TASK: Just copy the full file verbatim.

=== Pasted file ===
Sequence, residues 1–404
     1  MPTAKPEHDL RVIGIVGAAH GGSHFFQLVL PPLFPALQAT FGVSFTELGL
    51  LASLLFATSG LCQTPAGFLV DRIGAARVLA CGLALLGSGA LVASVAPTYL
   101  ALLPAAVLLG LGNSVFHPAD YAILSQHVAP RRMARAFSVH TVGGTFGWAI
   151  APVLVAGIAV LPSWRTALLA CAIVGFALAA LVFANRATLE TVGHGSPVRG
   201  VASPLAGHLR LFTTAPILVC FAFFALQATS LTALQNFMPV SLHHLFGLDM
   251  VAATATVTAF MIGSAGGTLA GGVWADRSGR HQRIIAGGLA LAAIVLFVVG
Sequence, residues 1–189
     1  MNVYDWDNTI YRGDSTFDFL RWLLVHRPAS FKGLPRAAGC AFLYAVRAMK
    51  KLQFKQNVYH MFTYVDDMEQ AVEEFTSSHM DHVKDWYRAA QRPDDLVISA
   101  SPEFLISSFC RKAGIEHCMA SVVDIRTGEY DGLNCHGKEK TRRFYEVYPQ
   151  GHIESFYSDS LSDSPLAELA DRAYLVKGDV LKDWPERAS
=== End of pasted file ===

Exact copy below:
Sequence, residues 1–404
     1  MPTAKPEHDL RVIGIVGAAH GGSHFFQLVL PPLFPALQAT FGVSFTELGL
    51  LASLLFATSG LCQTPAGFLV DRIGAARVLA CGLALLGSGA LVASVAPTYL
   101  ALLPAAVLLG LGNSVFHPAD YAILSQHVAP RRMARAFSVH TVGGTFGWAI
   151  APVLVAGIAV LPSWRTALLA CAIVGFALAA LVFANRATLE TVGHGSPVRG
   201  VASPLAGHLR LFTTAPILVC FAFFALQATS LTALQNFMPV SLHHLFGLDM
   251  VAATATVTAF MIGSAGGTLA GGVWADRSGR HQRIIAGGLA LAAIVLFVVG
Sequence, residues 1–189
     1  MNVYDWDNTI YRGDSTFDFL RWLLVHRPAS FKGLPRAAGC AFLYAVRAMK
    51  KLQFKQNVYH MFTYVDDMEQ AVEEFTSSHM DHVKDWYRAA QRPDDLVISA
   101  SPEFLISSFC RKAGIEHCMA SVVDIRTGEY DGLNCHGKEK TRRFYEVYPQ
   151  GHIESFYSDS LSDSPLAELA DRAYLVKGDV LKDWPERAS